I do desire thee, even from a heart
As full of sorrows as the sea of sands,
To bear me company and go with me:
If not, to hide what I have said to thee,
That I may venture to depart alone.


34

IV,3,1826

Eglamour. Madam, I pity much your grievances;
Which since I know they virtuously are placed,
I give consent to go along with you,
Recking as little what betideth me
As much I wish all good befortune you.
When will you go?

Silvia. This evening coming.


35

IV,3,1828

Eglamour. Where shall I meet you?

Silvia. At Friar Patrick's cell,
Where I intend holy confession.


36

IV,3,1831

Eglamour. I will not fail your ladyship. Good morrow, gentle lady.

Silvia. Good morrow, kind Sir Eglamour.


37

IV,4,1950

Julia. How many women would do such a message?
Alas, poor Proteus! thou hast entertain'd
A fox to be the shepherd of thy lambs.
Alas, poor fool! why do I pity him
That with his very heart despiseth me?
Because he loves her, he despiseth me;
Because I love him I must pity him.
This ring I gave him when he parted from me,
To bind him to remember my good will;
And now am I, unhappy messenger,
To plead for that which I would not obtain,
To carry that which I would have refused,
To praise his faith which I would have dispraised.
I am my master's true-confirmed love;
But cannot be true servant to my master,
Unless I prove false traitor to myself.
Yet will I woo for him, but yet so coldly
As, heaven it knows, I would not have him speed.
[Enter SILVIA, attended]
Gentlewoman, good day! I pray you, be my mean
To bring me where to speak with Madam Silvia.

Silvia. What would you with her, if that I be she?


38

IV,4,1953

Julia. If you be she, I do entreat your patience
To hear me speak the message I am sent on.

Silvia. From whom?


39

IV,4,1955

Julia. From my master, Sir Proteus, madam.

Silvia. O, he sends you for a picture.


40

IV,4,1957

Julia. Ay, madam.

Silvia. Ursula, bring my picture here.
Go give your master this: tell him from me,
One Julia, that his changing thoughts forget,
Would better fit his chamber than this shadow.


41

IV,4,1965

Julia. Madam, please you peruse this letter.—
Pardon me, madam; I have unadvised
Deliver'd you a paper that I should not:
This is the letter to your ladyship.

Silvia. I pray thee, let me look on that again.


42

IV,4,1967

Julia. It may not be; good madam, pardon me.

Silvia. There, hold!
I will not look upon your master's lines:
I know they are stuff'd with protestations
And full of new-found oaths; which he will break
As easily as I do tear his paper.


43

IV,4,1973

Julia. Madam, he sends your ladyship this ring.

Silvia. The more shame for him that he sends it me;
For I have heard him say a thousand times
His Julia gave it him at his departure.
Though his false finger have profaned the ring,
Mine shall not do his Julia so much wrong.


44

IV,4,1979

Julia. She thanks you.

Silvia. What say'st thou?


45

IV,4,1982

Julia. I thank you, madam, that you tender her.
Poor gentlewoman! my master wrongs her much.

Silvia. Dost thou know her?


46

IV,4,1986

Julia. Almost as well as I do know myself:
To think upon her woes I do protest
That I have wept a hundred several times.

Silvia. Belike she thinks that Proteus hath forsook her.


47

IV,4,1988

Julia. I think she doth; and that's her cause of sorrow.

Silvia. Is she not passing fair?


48

IV,4,1997

Julia. She hath been fairer, madam, than she is:
When she did think my master loved her well,
She, in my judgment, was as fair as you:
But since she did neglect her looking-glass
And threw her sun-expelling mask away,
The air hath starved the roses in her cheeks
And pinch'd the lily-tincture of her face,
That now she is become as black as I.

Silvia. How tall was she?


49

IV,4,2013

Julia. About my stature; for at Pentecost,
When all our pageants of delight were play'd,
Our youth got me to play the woman's part,
And I was trimm'd in Madam Julia's gown,
Which served me as fit, by all men's judgments,
As if the garment had been made for me:
Therefore I know she is about my height.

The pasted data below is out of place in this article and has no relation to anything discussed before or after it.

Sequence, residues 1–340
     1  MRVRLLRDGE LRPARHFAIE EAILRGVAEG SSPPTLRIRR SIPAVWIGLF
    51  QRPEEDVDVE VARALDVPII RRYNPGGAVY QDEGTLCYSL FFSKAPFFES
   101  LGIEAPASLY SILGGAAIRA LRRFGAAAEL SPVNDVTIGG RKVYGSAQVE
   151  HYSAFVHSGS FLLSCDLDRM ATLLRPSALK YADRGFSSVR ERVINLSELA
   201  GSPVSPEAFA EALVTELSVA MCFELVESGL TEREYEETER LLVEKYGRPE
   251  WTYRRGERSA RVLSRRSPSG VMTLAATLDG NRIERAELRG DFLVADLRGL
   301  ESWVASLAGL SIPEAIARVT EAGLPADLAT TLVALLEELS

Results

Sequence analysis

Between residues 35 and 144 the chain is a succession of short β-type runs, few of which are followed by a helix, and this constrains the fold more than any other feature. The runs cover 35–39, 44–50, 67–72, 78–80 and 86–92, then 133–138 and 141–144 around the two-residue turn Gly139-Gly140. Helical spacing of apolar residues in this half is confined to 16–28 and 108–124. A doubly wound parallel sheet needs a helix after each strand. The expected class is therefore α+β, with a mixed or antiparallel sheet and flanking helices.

And at that time I made her weep agood,
For I did play a lamentable part:
Madam, 'twas Ariadne passioning
For Theseus' perjury and unjust flight;
Which I so lively acted with my tears
That my poor mistress, moved therewithal,
Wept bitterly; and would I might be dead
If I in thought felt not her very sorrow!

Silvia. She is beholding to thee, gentle youth.
Alas, poor lady, desolate and left!
I weep myself to think upon thy words.
Here, youth, there is my purse; I give thee this
For thy sweet mistress' sake, because thou lovest her.
Farewell.


50

V,1,2058

Eglamour. The sun begins to gild the western sky;
And now it is about the very hour
That Silvia, at Friar Patrick's cell, should meet me.
She will not fail, for lovers break not hours,
Unless it be to come before their time;
So much they spur their expedition.
See where she comes.
[Enter SILVIA]
Lady, a happy evening!

Silvia. Amen, amen! Go on, good Eglamour,
Out at the postern by the abbey-wall:
I fear I am attended by some spies.


51

V,3,2134

First Outlaw. Come, come,
Be patient; we must bring you to our captain.

Silvia. A thousand more mischances than this one
Have learn'd me how to brook this patiently.


52

V,3,2146

First Outlaw. Come, I must bring you to our captain's cave:
Fear not; he bears an honourable mind,
And will not use a woman lawlessly.

Silvia. O Valentine, this I endure for thee!


53

V,4,2177

Valentine. [Aside] How like a dream is this I see and hear!
Love, lend me patience to forbear awhile.

Silvia. O miserable, unhappy that I am!


54

V,4,2180

Proteus. Unhappy were you, madam, ere I came;
But by my coming I have made you happy.

Silvia. By thy approach thou makest me most unhappy.


55

V,4,2182

Julia. [Aside] And me, when he approacheth to your presence.

Silvia. Had I been seized by a hungry lion,
I would have been a breakfast to the beast,
Rather than have false Proteus rescue me.
O, Heaven be judge how I love Valentine,
Whose life's as tender to me as my soul!
And full as much, for more there cannot be,
I do detest false perjured Proteus.
Therefore be gone; solicit me no more.


56

V,4,2194

Proteus. What dangerous action, stood it next to death,
Would I not undergo for one calm look!
O, 'tis the curse in love, and still approved,
When women cannot love where they're beloved!

Silvia. When Proteus cannot love where he's beloved.
Read over Julia's heart, thy first best love,
For whose dear sake thou didst then rend thy faith
Into a thousand oaths; and all those oaths
Descended into perjury, to love me.
Thou hast no faith left now, unless thou'dst two;
And that's far worse than none; better have none
Than plural faith which is too much by one:
Thou counterfeit to thy true friend!


57

V,4,2205

Proteus. In love
Who respects friend?

Silvia. All men but Proteus.


58

V,4,2210

Proteus. Nay, if the gentle spirit of moving words
Can no way change you to a milder form,
I'll woo you like a soldier, at arms' end,
And love you 'gainst the nature of love,—force ye.

Silvia. O heaven!